Saturday, April 30, 2011

Going Native: by Mail Order

I ordered a good number of plants this year by mail. Mostly because I am really interested in planting native plants and they can be difficult to find in a local nursery. (I usually have a running list in my head and if I do happen to see a native plant on that mental list in a local nursery, I purchase it.) But this year I wanted to plant my new woodland edge border and came up with a loose plan so I had a specific plants in mind.

I ordered from three sources: Amanda's Garden, White Oak Nursery and Prairie Moon. Amanda's Garden and White Oak Nursery are local to New York State. Prairie Moon I have ordered from several times. I am extremely pleased with all the plants I've received.

I stored each shipment in my shed where it would be out of the sun and remain cool. I really try to plant within a day or two upon receiving. Right now this order is waiting to be planted and tomorrow is the day. Fortunately the weather looks dry. All of the plants I received came with detailed instructions on how to plant.

Earlier shipments of plants that have been planted for several weeks now, all look great. I have buds and tiny leaves! I cannot wait to feature each of these plants in future going native posts. I become more native all the time and here's why: I love the insects and birds. I hope a toad visits my garden this year. I think my garden is ready. Going native really does make a difference when it comes to wildlife. But native plants also have beautiful flowers, and leaves, and textures, and seed heads, and fragrance, and can be stunning in the garden. With mail order you can be sure to find one to fall in love with. We'll see how my new, mainly native-designed woodland edge border grows up.

Friday, April 29, 2011

Project: Planting Trees at Zenda Farm Preserve

Today I helped plant trees at Zenda Farm Preserve. What better way to spend Arbor Day! Though conditions were not ideal, we toughed it out. The weather did cooperate today (as in no rain), but our soggy Spring sure made planting difficult.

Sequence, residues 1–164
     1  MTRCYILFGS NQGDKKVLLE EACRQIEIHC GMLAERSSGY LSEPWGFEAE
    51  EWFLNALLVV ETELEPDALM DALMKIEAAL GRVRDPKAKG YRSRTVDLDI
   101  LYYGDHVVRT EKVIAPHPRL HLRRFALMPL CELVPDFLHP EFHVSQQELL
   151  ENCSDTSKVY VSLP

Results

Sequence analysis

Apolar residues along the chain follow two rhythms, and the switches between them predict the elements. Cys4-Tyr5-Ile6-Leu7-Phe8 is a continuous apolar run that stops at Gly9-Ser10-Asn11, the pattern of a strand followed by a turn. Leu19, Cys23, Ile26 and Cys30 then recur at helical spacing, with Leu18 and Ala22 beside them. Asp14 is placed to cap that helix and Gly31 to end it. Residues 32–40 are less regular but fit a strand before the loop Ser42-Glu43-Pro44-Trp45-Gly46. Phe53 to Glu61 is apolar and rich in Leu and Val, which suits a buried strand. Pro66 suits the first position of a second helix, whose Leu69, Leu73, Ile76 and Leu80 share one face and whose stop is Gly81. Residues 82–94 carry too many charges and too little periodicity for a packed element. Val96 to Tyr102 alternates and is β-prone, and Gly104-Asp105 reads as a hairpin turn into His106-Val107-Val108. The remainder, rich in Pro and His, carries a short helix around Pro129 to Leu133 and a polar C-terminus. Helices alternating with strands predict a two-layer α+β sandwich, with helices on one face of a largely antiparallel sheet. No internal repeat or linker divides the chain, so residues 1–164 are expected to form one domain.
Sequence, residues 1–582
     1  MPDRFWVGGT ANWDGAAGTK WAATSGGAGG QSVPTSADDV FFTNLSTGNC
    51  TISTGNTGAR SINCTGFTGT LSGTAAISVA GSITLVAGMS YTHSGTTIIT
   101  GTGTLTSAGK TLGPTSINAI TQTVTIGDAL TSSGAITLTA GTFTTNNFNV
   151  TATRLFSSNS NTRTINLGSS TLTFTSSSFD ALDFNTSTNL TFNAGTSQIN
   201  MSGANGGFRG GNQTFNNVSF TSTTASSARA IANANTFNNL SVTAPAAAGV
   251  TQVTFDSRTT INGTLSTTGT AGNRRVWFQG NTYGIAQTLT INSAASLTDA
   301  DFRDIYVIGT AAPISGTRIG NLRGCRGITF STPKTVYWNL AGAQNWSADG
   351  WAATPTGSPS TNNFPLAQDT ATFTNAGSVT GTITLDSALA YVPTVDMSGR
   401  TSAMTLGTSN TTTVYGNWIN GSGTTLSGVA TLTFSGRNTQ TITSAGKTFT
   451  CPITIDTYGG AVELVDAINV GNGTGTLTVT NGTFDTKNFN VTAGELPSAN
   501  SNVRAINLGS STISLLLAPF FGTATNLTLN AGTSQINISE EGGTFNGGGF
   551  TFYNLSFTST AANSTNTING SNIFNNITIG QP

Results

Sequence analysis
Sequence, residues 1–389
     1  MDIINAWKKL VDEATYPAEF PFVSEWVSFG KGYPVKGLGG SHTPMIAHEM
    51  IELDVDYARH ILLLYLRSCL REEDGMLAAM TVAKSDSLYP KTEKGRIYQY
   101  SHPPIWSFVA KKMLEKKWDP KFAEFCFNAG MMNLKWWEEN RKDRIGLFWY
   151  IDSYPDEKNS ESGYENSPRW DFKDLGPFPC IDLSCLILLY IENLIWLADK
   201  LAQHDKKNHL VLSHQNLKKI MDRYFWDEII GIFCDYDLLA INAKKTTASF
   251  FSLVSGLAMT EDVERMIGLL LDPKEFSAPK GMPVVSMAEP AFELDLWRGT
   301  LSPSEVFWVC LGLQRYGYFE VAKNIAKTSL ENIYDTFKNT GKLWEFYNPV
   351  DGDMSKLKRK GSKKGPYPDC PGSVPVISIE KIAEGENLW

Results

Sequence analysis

Zenda Farm is part of the Thousand Island Land Trust (TILT). It used to be a dairy farm but now its pastures are preserved for nesting grassland birds, as well as its agricultural history. Zenda Farm also houses a community garden of which I hope to be a part this year. To learn more about TILT and its preserves click here.

Together we planted twenty shade trees in the adjoining meadow across the road. Maples, red and pin oaks, and lacebark elms were among the varieties planted. These trees were big! Because the trees were large, we did stake them. I did learn that nurseries tend to plant trees this large deep in their pots so they will stand up straight. When planting, it is a good idea to remove the top layer of dirt to where the trunk just begins to flare. It is at this flare that the tree should be level with the ground. Fortunately for us the holes were pre-dug with a back hoe. Unfortunately, the rain for the past several days turned them into mini ponds. So, our first step was to bail out the planting holes – a very muddy business.

Towards the end, we relied on a higher power to fill in the holes. Mucky, clay soil is he-e-e-eavy. I never thought a shovel (or my feet) could weigh so much! It gave new meaning to the terms mud season and muck boots. Peat moss was added to amend the soil and each tree was mulched.

This project required a bit more physical effort than my other projects. I think I will need a bit of "medicine," (gin to be exact), to ease sore muscles. I drive by this meadow quite frequently on my way to the dump and to collect spring water. I look forward to seeing these trees grow. Before we even finished planting, a bird perched on one of the trees. Now that's a good sign. Happy Arbor Day to you.

Wednesday, April 27, 2011

In The Garden Today